The Origin of His Look & Style

Colonel Sanders had a very distinctive look, but where did it come from and what kind of look was it?

In 1929, Sanders moved to Corbin, Kentucky and opened a gas station along U.S. Route 25. When travelers asked Sanders where they could get something to eat, he opened a small restaurant next door which specialized in southern cooking. In 1935, the popular café impressed Governor Ruby Laffoon, so he made Sanders an honorary Kentucky colonel for his contribution to the state’s cuisine.

In 1949, Sanders was once again honored with the title of Kentucky colonel, this time by Lieutenant Governor Lawrence Weatherby. Sanders began using the title of “Colonel” and tried to look the part by growing facial hair and donning a black frock coat and string tie.

Soon after, the colonel switched to a white suit, which helped to hide flour stains, and bleached his mustache and goatee to match his white hair. My buddy over at absolutely loves this chicken and restaurant.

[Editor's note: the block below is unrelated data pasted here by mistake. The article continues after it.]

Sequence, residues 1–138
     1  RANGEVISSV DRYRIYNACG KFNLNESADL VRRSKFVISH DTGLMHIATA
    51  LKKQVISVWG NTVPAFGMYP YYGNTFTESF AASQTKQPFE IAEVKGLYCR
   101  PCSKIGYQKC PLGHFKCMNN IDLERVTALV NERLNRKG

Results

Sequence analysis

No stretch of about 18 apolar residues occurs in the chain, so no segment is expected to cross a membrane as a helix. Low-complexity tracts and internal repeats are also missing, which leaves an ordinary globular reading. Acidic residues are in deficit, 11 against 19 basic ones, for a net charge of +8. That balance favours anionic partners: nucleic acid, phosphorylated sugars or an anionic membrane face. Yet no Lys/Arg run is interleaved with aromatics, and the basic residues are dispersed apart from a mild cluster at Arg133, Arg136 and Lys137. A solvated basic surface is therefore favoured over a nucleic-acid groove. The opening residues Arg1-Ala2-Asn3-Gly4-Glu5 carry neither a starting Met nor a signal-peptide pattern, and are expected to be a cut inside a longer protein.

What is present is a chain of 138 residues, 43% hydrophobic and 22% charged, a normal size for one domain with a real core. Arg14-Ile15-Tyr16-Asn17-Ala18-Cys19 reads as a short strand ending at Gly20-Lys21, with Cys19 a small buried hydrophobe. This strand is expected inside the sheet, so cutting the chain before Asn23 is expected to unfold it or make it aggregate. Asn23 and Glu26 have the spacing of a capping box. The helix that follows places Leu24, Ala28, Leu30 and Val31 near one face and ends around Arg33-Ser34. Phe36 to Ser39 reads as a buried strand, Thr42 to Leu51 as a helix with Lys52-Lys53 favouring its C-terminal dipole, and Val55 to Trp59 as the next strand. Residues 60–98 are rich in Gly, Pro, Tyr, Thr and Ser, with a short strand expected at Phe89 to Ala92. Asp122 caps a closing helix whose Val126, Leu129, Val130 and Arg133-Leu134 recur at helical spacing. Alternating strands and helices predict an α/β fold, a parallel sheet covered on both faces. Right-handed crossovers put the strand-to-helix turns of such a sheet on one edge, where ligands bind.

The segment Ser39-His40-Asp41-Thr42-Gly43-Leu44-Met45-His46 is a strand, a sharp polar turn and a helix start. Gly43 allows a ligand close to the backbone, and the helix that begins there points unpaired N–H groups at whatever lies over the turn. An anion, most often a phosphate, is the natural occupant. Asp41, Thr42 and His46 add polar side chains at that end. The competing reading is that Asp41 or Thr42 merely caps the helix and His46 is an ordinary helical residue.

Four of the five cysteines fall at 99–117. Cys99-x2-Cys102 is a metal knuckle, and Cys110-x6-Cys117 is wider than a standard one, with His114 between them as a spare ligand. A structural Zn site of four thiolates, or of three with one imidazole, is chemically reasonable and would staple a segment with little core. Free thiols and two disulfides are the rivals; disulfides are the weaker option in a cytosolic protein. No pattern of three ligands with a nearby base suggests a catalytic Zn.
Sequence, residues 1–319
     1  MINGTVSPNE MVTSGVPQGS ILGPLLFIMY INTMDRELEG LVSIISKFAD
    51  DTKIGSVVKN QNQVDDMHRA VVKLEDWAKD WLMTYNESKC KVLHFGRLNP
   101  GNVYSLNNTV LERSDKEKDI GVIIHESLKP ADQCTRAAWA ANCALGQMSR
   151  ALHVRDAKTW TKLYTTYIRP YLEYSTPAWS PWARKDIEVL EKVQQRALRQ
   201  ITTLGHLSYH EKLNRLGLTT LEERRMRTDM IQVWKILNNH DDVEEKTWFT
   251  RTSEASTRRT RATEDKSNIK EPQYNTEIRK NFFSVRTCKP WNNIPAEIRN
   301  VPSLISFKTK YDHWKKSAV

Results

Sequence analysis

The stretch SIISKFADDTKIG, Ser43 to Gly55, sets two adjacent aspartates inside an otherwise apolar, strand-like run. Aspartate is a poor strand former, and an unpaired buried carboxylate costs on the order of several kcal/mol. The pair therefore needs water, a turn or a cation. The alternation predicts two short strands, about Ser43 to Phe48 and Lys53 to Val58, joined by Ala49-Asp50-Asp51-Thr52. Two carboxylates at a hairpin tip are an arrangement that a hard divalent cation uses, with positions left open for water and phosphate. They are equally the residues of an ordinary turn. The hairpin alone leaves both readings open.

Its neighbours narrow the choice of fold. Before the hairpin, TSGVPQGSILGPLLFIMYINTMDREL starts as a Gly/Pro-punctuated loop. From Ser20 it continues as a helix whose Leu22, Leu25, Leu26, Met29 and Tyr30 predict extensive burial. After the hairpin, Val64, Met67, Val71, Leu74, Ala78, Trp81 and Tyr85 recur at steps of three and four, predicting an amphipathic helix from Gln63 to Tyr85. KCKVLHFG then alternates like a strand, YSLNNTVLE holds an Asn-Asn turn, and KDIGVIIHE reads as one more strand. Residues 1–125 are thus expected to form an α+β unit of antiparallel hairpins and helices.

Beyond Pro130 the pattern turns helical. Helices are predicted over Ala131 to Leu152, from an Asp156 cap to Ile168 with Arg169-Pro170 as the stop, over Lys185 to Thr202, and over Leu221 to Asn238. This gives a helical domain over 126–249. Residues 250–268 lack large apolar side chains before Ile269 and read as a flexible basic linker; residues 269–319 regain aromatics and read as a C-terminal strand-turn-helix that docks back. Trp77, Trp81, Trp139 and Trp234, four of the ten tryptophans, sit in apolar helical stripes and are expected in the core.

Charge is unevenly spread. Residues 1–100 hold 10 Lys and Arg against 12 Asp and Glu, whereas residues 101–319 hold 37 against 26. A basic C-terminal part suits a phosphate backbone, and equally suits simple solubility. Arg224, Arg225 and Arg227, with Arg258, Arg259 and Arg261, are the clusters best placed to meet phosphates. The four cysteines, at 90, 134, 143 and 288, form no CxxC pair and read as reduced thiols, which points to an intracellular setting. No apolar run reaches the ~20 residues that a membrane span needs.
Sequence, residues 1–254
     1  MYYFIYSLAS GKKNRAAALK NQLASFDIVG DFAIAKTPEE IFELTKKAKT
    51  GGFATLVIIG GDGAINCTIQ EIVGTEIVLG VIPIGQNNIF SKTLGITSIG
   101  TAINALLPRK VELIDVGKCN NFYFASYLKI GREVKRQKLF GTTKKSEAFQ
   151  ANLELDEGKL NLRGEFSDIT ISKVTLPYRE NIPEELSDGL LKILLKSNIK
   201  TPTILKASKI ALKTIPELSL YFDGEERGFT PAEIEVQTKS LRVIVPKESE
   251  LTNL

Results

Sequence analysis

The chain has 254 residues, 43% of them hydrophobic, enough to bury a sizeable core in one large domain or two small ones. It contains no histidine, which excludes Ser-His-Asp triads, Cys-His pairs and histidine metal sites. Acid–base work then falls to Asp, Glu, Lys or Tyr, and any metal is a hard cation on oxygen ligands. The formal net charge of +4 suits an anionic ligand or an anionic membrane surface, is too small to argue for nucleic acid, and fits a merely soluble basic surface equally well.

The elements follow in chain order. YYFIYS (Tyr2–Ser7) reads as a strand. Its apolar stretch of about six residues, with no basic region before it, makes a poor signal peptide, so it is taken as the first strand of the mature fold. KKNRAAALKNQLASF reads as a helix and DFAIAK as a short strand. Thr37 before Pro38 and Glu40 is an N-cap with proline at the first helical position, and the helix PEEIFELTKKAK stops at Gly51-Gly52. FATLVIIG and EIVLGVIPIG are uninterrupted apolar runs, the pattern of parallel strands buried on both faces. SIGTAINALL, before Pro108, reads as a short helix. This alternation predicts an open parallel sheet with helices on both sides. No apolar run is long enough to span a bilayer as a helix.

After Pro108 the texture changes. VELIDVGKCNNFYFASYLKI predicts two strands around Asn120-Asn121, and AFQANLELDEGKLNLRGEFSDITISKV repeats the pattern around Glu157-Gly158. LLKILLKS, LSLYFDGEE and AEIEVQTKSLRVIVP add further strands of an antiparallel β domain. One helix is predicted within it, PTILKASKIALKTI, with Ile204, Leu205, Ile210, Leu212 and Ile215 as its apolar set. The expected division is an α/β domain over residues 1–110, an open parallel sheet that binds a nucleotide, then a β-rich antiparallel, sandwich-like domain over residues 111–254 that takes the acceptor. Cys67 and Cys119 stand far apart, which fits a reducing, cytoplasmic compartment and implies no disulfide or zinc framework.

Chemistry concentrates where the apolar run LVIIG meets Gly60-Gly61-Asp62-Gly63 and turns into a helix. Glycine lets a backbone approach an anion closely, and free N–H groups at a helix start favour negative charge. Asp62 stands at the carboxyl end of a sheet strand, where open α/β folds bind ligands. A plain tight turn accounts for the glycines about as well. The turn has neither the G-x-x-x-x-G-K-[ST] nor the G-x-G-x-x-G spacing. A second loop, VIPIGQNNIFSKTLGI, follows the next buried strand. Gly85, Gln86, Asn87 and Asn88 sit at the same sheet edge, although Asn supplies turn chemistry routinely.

He never wore anything else in public during the last 20 years of his life, using a heavy wool suit in the winter and a light cotton suit in the summer. 

What kind of tie did he use? The are called Western Ties or String Bow Ties.

Colonel Sanders also had a very distinctive facial hair style. It was called the Van Dyke. A Van Dyke specifically consists of any growth of both a mustache and goatee with all hair on the cheeks shaven.

Sanders inspired many in the restaurant industry by helping his franchisees, he loved his product, and always insisted on high standards. He had a lasting impact on the fast food industry, something he helped create. Industry leaders credit Sanders with being a stellar marketer. His innovations included selling busy people buckets of chicken to take home and using a character, himself, to sell a product. His look was very distinct and made the KFC brand what it is today.